The Locusts

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In the US, it currently feels as if the country is finally getting out of an incredibly abusive relationship. With the exception of the hardcore “MAGA” crowd, everyone seems to be taking that much needed deep breath, knowing that very soon, nobody has to listen or pay attention to the malignant-narcissist-in-chief any longer. It’s not clear what will come next — there still are ample reasons to worry; but at least the noise level appears to have gone way down.

As a consequence, I’m thinking (or maybe just hoping) that we’re going to find more time for nuance again, in particular those small moments when something reveals itself that is unexpectedly beautiful. Photography is very good at dealing with that. This is not necessarily why I personally look at photographs (and I don’t think I have much hope of finding it with my own camera). However, without such photography my experience of dealing with the medium would be vastly impoverished.

The most recent photobook to have made me think about all of this (even before the election) is Jesse Lenz‘s The Locusts. When I first received the book, I was surprised to see its photographs. The book itself is rather large and imposing — unlike the vast majority of its pictures, which depict a fragile world in a very gentle manner.

In a variety of ways (and using a variety of cameras), the photographs centre on small moments in a world seemingly inhabited only by children and animals.

In particular the square pictures are real showstoppers. In one, a little toad is shown, sitting on a leaf of much larger plant, possibly enjoying the sun. In another, a little boy with what might be a mix of a drawing and a temporary tattoo on his face looks at the camera while clinging to an apple tree bearing fruit. The pattern of the shadow cast on his body has him partly blend into his environment.

It’s precious moments like these that connect the work beyond its immediate American predecessors to other photographers all over the world who find beauty in small moments that won’t last long and that might not be seen by anyone else. I’m thinking of Rinko Kawauchi, for example. There are many small moments in most of the photographs. As Kawuchi has demonstrated, that already would have been enough for a good book.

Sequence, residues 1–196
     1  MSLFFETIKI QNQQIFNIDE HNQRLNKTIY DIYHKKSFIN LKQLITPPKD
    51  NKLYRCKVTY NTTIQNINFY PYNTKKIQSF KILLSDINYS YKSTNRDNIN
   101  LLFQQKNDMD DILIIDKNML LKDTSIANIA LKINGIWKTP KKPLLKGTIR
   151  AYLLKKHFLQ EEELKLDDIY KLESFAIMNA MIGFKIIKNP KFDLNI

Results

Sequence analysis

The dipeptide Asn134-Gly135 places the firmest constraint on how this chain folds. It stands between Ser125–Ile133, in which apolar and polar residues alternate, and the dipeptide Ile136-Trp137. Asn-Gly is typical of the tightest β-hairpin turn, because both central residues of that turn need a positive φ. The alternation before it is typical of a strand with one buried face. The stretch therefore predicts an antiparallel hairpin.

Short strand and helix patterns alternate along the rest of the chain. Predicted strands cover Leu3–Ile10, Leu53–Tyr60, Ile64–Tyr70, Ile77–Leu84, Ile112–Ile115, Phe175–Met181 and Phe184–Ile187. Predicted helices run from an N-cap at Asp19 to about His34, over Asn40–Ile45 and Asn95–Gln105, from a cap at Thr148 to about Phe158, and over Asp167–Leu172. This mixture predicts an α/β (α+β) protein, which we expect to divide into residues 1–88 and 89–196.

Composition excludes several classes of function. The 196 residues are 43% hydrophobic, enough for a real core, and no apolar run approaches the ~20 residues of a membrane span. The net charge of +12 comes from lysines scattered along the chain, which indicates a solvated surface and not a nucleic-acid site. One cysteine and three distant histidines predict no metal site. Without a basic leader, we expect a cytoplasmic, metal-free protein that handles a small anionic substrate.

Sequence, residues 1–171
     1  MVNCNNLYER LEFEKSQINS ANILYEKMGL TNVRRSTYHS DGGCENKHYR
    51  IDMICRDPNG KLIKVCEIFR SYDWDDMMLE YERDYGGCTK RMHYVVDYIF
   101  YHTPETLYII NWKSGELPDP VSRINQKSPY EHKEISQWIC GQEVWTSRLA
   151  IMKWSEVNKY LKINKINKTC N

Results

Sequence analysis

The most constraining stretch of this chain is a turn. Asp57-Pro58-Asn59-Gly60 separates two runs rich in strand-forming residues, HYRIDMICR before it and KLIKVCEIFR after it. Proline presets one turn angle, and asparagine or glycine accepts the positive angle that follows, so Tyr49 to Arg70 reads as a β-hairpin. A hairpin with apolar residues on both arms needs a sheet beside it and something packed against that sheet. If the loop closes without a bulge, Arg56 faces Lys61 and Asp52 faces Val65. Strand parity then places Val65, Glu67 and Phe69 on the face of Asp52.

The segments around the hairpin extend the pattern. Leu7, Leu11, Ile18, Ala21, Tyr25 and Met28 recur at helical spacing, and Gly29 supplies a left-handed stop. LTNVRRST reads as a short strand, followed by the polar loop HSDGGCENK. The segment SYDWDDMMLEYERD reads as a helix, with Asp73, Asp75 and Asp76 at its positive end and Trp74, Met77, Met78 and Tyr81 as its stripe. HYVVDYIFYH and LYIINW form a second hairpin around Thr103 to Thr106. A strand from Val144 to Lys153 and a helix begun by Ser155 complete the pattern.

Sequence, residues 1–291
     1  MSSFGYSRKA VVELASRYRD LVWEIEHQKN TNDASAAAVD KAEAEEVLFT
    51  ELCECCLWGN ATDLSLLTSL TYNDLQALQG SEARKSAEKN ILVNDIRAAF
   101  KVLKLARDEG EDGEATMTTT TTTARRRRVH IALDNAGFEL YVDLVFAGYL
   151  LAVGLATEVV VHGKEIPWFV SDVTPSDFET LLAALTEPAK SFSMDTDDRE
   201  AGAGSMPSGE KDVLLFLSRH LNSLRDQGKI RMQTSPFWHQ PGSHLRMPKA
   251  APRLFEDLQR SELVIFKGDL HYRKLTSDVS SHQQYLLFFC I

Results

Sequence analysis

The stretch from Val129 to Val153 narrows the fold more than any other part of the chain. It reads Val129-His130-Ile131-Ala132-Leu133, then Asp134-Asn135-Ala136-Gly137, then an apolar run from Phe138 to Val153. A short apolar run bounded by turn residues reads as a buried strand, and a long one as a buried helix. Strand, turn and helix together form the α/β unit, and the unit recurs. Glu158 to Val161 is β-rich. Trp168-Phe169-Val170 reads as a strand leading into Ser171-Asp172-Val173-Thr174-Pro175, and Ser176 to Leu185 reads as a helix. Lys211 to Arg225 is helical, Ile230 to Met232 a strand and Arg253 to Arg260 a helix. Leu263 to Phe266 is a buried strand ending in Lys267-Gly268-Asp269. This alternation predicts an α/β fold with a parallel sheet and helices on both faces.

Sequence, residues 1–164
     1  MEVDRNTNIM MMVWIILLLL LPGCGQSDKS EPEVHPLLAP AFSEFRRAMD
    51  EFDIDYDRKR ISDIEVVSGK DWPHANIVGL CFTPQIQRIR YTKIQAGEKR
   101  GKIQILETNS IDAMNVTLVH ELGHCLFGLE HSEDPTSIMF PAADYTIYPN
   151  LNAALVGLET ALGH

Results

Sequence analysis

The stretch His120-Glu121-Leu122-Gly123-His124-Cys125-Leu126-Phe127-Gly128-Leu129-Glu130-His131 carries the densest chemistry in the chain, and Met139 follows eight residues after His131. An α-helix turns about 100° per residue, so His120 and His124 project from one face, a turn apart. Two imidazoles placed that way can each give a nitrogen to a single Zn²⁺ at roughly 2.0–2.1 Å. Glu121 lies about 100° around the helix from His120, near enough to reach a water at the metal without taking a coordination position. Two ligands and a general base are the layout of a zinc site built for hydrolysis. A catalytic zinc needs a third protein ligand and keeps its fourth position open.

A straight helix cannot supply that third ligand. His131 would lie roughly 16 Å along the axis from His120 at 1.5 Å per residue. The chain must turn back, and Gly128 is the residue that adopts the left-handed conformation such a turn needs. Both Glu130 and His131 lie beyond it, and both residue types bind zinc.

But The Locusts adds other elements. There are many pictures of children playing. When you’re a child, the world is your playground. I don’t know at what stage one loses this approach to one’s surroundings — I suppose at a certain age, you’re just “too old” for this (which, if you think about it, really is a shame — maybe we’d collectively be a little bit happier if we regained our sense of play).

And then there is mortality. In the bucolic setting the photographs were taken in, death is a lot more visible than in a city. Here it appears in the form of a dead coyote lying in a field or, one of my favourite pictures, a black cat staring intently at a little mouse right in front of it. In one picture, a child holds a (different) cat, and two pages later, there is a photograph of what looks like the same cat being prepared for burial — a cardboard box with what looks like a towel wrapped around the body serves as the coffin.

I never had children. But I’m guessing that for all the work and worry of raising them, they also offer bringing a sense of the world’s possibilities and joys — if, that is, one is receptive to it. One doesn’t need a camera to pay attention to what the world has to offer, but sometimes, having one helps. Lenz appears to have had at least one available on many occasions, which for sure explains the plethora of work on display in the book.

While I feel that the book probably should have been a little more intimate and not quite so hefty, and the edit could have been tighter, The Locusts for sure is an impressive debut book by a photographer who I’m sure we’re going to see and hear a lot more of in the future.

The Locusts; photographs by Jesse Lenz; 144 pages; Charcoal Press; 2020

Rating: Photography 4.0, Book Concept 2.5, Edit 1.5, Production 5.0 – Overall 3.5

Ratings explained here.